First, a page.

You'll get frustrated at people, perhaps even angry, but you'll never quite feel as "alone" as many other metropolises make you feel.

The Contrasts in Roman Culture

Romans are both proud and critical of their rich history. This is one of the many cultural contrasts that make the culture so fascinating to me.

There are many more examples of this kind of contrast. Here are a few examples:

  • Sporadic patriotism. Romans are generally more attached to Rome than Italy, except when it's the football world cup (and other important sporting events). Then you'll see a few freshly pressed Italian flags start to timidly appear in residential areas.
  • Political cynicism. Most Romans profess a complete lack of faith that local or national politics can address any of the problems they face. And yet political commentary is often vibrant and heated.
  • Technology versus tradition. While Romans complain about how backwards the city is compared to some of their western counterparts, they also decry the death of their tradition in the wake of modernization.

These are just three of an infinite list of issues that serve to highlight the contrast inherent in Roman culture and society.

Rome's many bars are more than a place to get coffee, but are central to most people's social life.

Rome's many bars are more than a place to get coffee, but are central to most people's social life.

What This Contrast Means for You

If you are the type of person that finds comfort in a sober, orderly existence, then perhaps Rome isn't going to work out the way you hope.

Conversely, if you thrive off a modicum of drama and a touch of chaos, Rome is a neverending source of psychological energy.

In Rome, there's always something to shout about, empathize with, criticize, and generally get worked up over. And if this sounds like fun, you'll fit right in.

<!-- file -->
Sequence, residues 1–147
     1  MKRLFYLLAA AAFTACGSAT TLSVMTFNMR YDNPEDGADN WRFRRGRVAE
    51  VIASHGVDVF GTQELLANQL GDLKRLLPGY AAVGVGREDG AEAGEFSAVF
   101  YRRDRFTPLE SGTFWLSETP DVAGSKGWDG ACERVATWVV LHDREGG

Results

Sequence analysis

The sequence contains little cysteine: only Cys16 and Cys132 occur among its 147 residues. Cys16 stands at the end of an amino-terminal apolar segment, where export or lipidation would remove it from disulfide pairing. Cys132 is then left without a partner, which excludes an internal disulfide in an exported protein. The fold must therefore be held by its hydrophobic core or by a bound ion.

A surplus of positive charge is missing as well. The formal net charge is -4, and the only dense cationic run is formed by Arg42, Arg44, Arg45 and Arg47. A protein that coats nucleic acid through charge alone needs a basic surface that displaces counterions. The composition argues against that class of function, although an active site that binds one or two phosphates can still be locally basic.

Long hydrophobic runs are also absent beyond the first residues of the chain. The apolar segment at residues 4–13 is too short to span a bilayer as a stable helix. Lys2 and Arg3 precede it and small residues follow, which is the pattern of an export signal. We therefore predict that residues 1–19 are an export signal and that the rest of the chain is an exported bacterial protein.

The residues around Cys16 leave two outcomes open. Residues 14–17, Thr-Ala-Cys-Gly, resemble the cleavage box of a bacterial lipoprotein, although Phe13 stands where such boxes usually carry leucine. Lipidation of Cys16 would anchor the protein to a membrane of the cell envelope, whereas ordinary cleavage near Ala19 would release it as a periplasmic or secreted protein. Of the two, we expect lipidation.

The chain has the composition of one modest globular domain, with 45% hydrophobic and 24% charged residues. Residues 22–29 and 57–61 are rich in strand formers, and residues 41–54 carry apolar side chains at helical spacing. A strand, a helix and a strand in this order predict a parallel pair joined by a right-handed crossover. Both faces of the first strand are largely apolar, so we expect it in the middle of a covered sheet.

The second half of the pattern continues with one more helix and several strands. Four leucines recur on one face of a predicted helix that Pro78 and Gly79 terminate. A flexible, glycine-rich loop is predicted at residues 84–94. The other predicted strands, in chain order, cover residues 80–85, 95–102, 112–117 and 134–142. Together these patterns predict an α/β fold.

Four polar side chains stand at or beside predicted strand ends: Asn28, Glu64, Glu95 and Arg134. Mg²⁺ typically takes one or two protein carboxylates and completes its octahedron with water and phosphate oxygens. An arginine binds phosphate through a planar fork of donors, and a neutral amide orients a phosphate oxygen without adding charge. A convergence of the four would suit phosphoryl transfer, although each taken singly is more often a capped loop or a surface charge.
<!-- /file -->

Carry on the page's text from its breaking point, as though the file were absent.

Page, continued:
2. The Whole City Is an Open Air Museum

Mystery and surprise lurk around every street corner. But more than this, the city is a living, breathing fossil. The cobblestones are very much alive, and you can feel it.

I've written extensively about Rome's many amazing attractions, so I won't bore you with them (it's outside the scope of this article), but I will say that no matter how much of an expert you feel you are about Rome, there's always something just around the corner that will surprise you.

Reach Out and Touch

One thing I love about Rome is that there is no separation between the populace and its architectural history. You can walk around and literally touch the ruins.

For instance, the statues and benches of Villa Borghese aren't segregated behind glass cases. Instead, they are sat on, caressed, and even (unfortunately) covered in graffiti.

The city itself is a museum. Not just the long list of famous landmarks, but also the benches you sit on, the roads you drive on, and the walls you hop over.

What This Means For You

Are you the kind of person that draws energy from your surroundings? Does the thought of strolling down the Tiber towards the imposing presence of Castel Sant'Angelo fill you with a sense of awe? If so, then Rome will serve as a continuous source of creative energy.

The view I referenced in my previous paragraph.

The view I referenced in my previous paragraph.

3. Rome Is the Perfect Springboard to Explore the Rest of Italy

Rome's central location makes it an ideal gateway to explore the rest of the country, which you'll absolutely want to take advantage of.

Action Packed Weekends

You are less than an hour away from either a skiing holiday or the beach at any given time. The amount of choice you have with regard to sightseeing and traveling is literally mind-blowing.

To illustrate my point further, I've compiled a list of popular tourist destinations, along with how long it will take you to get there with the express trains (you can take the regional trains to save money).

Distances From Rome by Train

LocationDistance (Time)Price (Euro)


2h 50'

45 (Intercity train)


1h 15'

40 (Fast train)

Monterosso (Cinque Terre)

6h 05'

32 (Regional train)


1h 36'

50 (Fast train)

Rieti (close to skiing resort)

2h 31'

10 (Regional)

Civitavecchia (port)

1h 01'



2h 23'

67 (Fast train)

Taormina (Sicilian beach)

9h 27'

119 (Fast train)


3h 40'

96 (Fast train)

The Bottomline

Rome is an incredible place to live, assuming you can grind past its many little frustrations. But it is just the beginning of a larger Italian experience.

Let Rome be your gateway to Italy, and let working and living in Rome be the engine that catalyzes that experience.

They say all roads lead to Rome, but that also means that Rome has roads leading out to everywhere. And it does, so why not use them?

© 2021 James Nelmondo